Newsletter 3 – Sept 2018

Dear Colleague

I hope this season of Spring, with all its undulating weather patterns, ushers in a breath of new hope into you and the precious ones you journey with. Here is what I have been up to and what I am offering in the near future.

Neuroscience of Attachment seminar

In August I had the joy of visiting Dunedin, the furthest south I have ever travelled in the southern hemisphere. I have the privilege of delivering the Neuroscience of Attachment seminar to a group of eager and earnest mental health practitioners, whose care for their clients exuded every pore of their beings.

I will be presenting this workshop in the lovely garden city of Christchurch (Sept. 15th) as well as in the North Island:  Auckland (Oct 19th) and Whangarei (Nov. 3rd). Places are booking up fast so make sure to book early.  Check out this page to not miss out: and click on your city for the booking form and details.

Shame and shadow: Working with Shame at Relational Depth

I am going to be presenting at talk on working with shame at the upcoming PCT conference – here are the details:

Person-Centred & Experiential Therapies Conference

Transformation through relationship: The essence of therapy

An exciting conference opportunity for professionals and students working in the psychological therapies field. Friday 21 – Saturday 22 September, 2018
Addington Raceway & Events Centre, Christchurch, New Zealand


Here is the abstract of what I will be covering:

“I learned shame in a relationship, now I do it all by myself” said one client to me recently. Shame is, in essence, intrapsychic self-attack. It originates in an interpersonal experience of unbearable pain (early attachment wounds) and has the power to split the psyche, leading to a disintegrated sense of self. In this presentation I am going to explore what Carl Jung, the 19th century Swiss psychoanalyst whose work bridges the gap between psychology and spirituality, understood as our shadow: “where we hide all the bits of ourselves we think are shameful”. Shadow-boxing uses up huge amounts of emotional energy, according to Karen Armstrong. We see this in the lives of our clients, who either experience ‘developmental stuckness’ (Neufeld, 2014) due to early attachment wounds or are circling in self-destructive patterns due to addictions or attempts at self-soothing. Shame will also be examined from an inter-personal neurobiology perspective; the work of Daniel Siegel on shame and integration of the self. Becoming a resilient therapist when working in the realm of shame, involves being comfortable with our own shadow. Unless we have embraced our own shadow, we will not be able to take your clients to the place their shadow scares them. This seminar will give an overview of the dynamics of shame, outlining how to detect shame’s shadow, in our client’s and our own stories, then will move to an exploration of our own shadow-work, in order to expand our capacity to be with our clients in the face of shame.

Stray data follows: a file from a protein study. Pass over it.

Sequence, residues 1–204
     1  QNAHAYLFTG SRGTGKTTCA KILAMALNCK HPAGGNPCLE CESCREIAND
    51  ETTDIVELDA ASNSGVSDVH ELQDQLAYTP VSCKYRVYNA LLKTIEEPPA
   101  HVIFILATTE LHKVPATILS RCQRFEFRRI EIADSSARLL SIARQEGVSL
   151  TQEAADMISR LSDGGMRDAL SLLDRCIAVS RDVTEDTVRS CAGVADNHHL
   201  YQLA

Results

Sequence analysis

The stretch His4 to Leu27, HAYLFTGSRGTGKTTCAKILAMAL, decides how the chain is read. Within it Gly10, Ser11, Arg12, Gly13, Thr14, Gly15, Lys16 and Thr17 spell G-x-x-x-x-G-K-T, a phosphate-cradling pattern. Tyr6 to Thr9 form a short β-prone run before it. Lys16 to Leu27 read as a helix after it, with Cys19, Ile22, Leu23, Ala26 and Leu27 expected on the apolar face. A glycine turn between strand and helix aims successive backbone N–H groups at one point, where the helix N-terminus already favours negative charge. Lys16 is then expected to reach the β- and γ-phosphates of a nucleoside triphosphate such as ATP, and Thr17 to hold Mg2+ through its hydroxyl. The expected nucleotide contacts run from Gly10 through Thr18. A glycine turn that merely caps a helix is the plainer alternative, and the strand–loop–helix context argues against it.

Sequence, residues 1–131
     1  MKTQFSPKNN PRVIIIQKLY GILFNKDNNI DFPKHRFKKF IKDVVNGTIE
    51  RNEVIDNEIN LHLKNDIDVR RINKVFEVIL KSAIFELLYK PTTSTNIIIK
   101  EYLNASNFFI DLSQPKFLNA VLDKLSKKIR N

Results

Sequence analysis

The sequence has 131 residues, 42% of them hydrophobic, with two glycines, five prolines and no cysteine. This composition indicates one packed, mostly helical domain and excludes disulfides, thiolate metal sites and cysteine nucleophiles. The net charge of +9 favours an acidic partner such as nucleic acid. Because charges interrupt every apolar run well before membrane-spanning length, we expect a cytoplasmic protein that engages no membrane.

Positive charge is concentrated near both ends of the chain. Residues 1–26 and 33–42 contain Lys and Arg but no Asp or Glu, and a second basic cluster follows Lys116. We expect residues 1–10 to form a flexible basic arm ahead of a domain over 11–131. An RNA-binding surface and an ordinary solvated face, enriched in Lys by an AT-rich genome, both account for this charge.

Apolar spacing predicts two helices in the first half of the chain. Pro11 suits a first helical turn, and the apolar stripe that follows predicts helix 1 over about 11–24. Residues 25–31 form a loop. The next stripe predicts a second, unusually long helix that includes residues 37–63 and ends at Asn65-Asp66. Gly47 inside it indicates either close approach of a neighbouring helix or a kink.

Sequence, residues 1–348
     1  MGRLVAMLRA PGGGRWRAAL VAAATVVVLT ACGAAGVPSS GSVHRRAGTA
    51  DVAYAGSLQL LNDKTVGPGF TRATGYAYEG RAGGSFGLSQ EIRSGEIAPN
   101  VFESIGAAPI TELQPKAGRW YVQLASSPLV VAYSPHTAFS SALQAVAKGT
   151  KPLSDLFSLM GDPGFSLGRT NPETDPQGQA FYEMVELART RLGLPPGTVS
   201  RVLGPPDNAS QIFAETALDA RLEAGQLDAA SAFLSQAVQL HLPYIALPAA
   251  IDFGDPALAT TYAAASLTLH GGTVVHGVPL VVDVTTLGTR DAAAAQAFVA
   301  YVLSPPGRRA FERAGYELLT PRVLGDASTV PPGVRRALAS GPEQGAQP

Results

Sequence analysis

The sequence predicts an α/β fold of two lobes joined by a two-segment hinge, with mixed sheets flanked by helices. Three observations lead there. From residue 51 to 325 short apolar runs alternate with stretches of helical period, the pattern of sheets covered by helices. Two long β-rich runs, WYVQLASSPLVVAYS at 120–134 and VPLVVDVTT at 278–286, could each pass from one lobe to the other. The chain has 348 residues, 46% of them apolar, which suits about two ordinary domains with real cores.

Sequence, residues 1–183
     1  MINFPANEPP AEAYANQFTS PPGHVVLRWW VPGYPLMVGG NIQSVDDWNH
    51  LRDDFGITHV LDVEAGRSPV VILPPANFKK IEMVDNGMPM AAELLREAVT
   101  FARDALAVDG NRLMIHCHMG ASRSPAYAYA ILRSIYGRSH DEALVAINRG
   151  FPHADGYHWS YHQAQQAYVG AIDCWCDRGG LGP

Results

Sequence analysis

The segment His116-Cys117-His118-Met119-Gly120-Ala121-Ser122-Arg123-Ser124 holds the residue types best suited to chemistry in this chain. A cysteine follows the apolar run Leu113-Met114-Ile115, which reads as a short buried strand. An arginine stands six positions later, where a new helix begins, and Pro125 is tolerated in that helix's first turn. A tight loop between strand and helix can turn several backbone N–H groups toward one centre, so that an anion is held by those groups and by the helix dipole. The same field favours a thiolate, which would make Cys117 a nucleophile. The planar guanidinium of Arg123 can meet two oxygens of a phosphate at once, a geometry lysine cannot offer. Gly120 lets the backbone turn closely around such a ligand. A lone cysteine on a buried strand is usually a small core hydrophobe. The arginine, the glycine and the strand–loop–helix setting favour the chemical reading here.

In 2019 – Shame and Shadow workshops

The presentation at the PCT conference is just a taster of what I hope to develop in 2019. Did you know that, according to John Briere, psychotherapists/counsellors have the highest levels of trauma in their own history than any other helping professional group? Diane Elliot’s research found that women mental health professionals had the highest incidents of trauma in their background, but relative to other professionals, they exhibited more resilience. In order to continue this resilience-building,  I am planning, along with a colleague, a series of workshops to help therapists explore and build capacity to work with their own and their client’s shame when it shows up in the therapeutic encounter. These workshops with be psycho-educational as well as experiential. The gentler we are at embracing our own shame, the more powerfully present we can be as a healing witness in our client’s stories.


If you are interested in doing supervision with me, I still have a few spaces available. Please go to my website to check out my services. I can do face-to-face or skype and am registered with NZCCA as a supervisor:

Here are my facebook pages if you want to follow them:

Dr. Ruth McConnell – aimed at clinicians on themes of healing/mental wellbeing

Trinity Initiatives – aimed at integrating Trinitarian Theology with healing and well-being

Warmest regards


Dr Ruth A Lawson-McConnell 

MA (Psychology) PhD (Counselling Psychology)

Counsellor, Supervisor, Trainer, MNZAC, NZCCA (Affiliate)

Clinical Neuropsychotherapy Practitioner (IACN trainee) 

Partners of Sex Addicts Trauma Specialist (APSATS trainee) 

Office: 32 Pohutukawa Ave, 

Red Beach, Auckland 0932

New Zealand

phone: +(64)-22-640-2941